A woman has opened up about being diagnosed with ADHD after writing a book about a teenage girl with the same condition. Neurodiversity education expert and author Marina Magdalena says she was shocked by her health revelation after publishing her book, Antigone Kingsley: About Last Summer.

The mother first created her book to help her own neurodiverse daughter feel seen and heard in the literature of her time. It was only then that she discovered in the process that she also had ADHD.

Marina's first book in her series, About Last Summer, was published in April 2023. The next instalment, Don't Judge Me, will be released this May.

"I wrote About Last Summer and Don't Judge Me, because I wanted my neurodiverse daughter to have a relatable female role model in fiction," Marina said. "Growing up, she struggled with book characters like Hermione Granger, who were super organised and had it all together: she just felt so far removed from them.

"I wanted to give her a character with all the brilliance, innovation and originality that so often comes with conditions like ADHD, but who also struggled with emotional regulation and organisation. As I wrote, I realised how much I also related to the main character of the book, Tig, who has ADHD – especially when recalling my teenage moments - and that I probably had the condition myself.

Antigone Kingsley: About Last Summer
Antigone Kingsley: About Last Summer

"It turned out I did, and I was officially diagnosed in 2024." She added: "When we create amazing, fun characters who happen to have ADHD and celebrate them for their innovation, quirkiness and originality, we’re giving neurodiverse girls a pass to be themselves."

Marina, who is the founder of an academy that facilitates neurodiverse children to learn creatively and innovatively, says there are many generations of literature where girls fit into 'tidy little boxes', such as 'the geek girl', 'the pretty girl', 'the bossy girl' and 'the cheerleader girl'.

"But in my experience, so many girls and women with ADHD just can’t fit into any kind of box because if your moods and emotions and executive function are constantly impacted," Marina argued. "You can’t show up and be the same person each day.

"And so, in my book, I wanted to create these characters that were bold, brilliant, creative and quirky exactly because of their neurodiversity, but who also made impulsive decisions, struggled with attention and time management. I firmly believe that when children recognise themselves in these characters, they will become more self-accepting."

According to studies, ADHD is diagnosed and treated more often in males than in females. "Boys are three times more likely to get diagnosed," Marina explains.

"This is because girls tend to display ‘less disruptive’ symptoms of daydreaming or forgetfulness, compared to boys’ more noticeable hyperactivity." According to Dr Patricia Quinn, director of the National Centre for Gender Issues and ADHD, such gender stereotypes "give leeway for boys to be messy and chaotic".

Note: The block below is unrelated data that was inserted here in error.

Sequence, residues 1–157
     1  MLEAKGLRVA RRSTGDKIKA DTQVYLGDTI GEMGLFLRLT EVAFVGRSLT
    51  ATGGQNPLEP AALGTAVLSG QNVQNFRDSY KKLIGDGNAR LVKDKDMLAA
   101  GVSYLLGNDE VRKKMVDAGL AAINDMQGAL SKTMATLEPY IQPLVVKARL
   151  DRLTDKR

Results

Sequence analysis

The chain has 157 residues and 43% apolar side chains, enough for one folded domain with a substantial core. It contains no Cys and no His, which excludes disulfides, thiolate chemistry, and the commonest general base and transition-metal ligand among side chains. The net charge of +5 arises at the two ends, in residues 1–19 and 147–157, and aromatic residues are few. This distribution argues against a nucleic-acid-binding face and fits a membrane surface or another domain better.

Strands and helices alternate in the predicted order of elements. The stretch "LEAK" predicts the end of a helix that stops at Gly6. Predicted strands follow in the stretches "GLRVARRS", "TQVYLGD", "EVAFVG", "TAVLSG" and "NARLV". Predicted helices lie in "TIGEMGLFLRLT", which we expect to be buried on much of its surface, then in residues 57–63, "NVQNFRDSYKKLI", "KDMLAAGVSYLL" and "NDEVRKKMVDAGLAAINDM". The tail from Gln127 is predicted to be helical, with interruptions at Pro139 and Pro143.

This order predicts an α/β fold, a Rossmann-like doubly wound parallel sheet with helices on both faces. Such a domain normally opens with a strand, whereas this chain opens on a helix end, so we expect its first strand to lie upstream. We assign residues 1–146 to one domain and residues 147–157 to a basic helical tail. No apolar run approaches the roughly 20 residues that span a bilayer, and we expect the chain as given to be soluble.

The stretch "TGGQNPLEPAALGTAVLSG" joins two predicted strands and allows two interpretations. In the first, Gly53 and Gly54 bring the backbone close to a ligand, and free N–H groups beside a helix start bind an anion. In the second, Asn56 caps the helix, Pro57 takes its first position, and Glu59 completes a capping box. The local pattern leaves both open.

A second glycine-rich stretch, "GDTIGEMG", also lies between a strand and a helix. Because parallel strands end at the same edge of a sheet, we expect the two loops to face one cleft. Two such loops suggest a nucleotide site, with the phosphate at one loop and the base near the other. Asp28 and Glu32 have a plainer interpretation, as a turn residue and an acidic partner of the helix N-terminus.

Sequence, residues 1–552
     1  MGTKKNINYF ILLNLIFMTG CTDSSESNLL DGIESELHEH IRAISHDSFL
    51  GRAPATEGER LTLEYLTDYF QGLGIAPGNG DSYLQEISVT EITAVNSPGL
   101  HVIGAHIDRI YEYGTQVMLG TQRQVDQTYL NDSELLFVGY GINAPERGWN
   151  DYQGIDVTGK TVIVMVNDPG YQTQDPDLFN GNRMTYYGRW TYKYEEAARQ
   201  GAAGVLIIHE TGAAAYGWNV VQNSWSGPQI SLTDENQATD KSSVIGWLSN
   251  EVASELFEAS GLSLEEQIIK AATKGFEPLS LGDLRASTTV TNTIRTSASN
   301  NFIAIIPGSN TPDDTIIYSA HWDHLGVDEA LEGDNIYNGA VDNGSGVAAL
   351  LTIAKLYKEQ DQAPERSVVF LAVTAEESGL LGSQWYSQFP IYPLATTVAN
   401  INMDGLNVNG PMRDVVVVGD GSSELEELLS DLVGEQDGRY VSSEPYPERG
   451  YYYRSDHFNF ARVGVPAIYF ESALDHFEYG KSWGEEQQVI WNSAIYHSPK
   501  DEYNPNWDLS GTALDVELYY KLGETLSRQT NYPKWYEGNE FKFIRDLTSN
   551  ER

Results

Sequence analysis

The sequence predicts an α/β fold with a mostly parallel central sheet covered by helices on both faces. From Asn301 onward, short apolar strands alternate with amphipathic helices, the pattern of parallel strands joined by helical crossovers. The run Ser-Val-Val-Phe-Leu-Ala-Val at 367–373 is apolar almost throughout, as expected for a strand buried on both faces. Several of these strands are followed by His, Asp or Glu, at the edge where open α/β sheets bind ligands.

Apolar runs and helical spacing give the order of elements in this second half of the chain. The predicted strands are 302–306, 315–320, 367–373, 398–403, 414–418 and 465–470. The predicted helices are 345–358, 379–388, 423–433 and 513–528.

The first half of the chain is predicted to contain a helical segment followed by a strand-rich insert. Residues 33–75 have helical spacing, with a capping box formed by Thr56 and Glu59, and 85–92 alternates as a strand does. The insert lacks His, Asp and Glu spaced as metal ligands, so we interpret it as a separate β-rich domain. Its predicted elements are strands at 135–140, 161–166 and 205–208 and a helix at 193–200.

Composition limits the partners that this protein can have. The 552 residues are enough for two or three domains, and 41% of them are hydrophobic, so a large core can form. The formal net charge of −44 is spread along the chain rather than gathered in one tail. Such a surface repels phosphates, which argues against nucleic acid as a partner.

However, when it comes to girls, there is an assumption they "have the capacity to be organised, neat and emotionally regulated". The expert claims this can lead to a greater prevalence of mood disorders, anxiety and self-esteem issues in girls with ADHD.

Symptoms of ADHD in adults

According to the NHS, in adults, the symptoms of ADHD are more difficult to define. This is largely due to a lack of research into adults with ADHD.

As ADHD is a developmental disorder, it's believed it cannot develop in adults without it first appearing during childhood. But symptoms of ADHD in children and teenagers often continue into adulthood.

The way in which inattentiveness, hyperactivity and impulsiveness affect adults can be very different from the way they affect children. For example, hyperactivity tends to decrease in adults, while inattentiveness tends to remain as the pressures of adult life increase.

Adult symptoms of ADHD also tend to be far more subtle than childhood symptoms. Some specialists have suggested the following as a list of symptoms associated with ADHD in adults:

  • carelessness and lack of attention to detail
  • continually starting new tasks before finishing old ones
  • poor organisational skills
  • inability to focus or prioritise
  • continually losing or misplacing things
  • forgetfulness
  • restlessness and edginess
  • difficulty keeping quiet, and speaking out of turn
  • blurting out responses and often interrupting others
  • mood swings, irritability and a quick temper
  • inability to deal with stress
  • extreme impatience
  • taking risks in activities, often with little or no regard for personal safety or the safety of others – for example, driving dangerously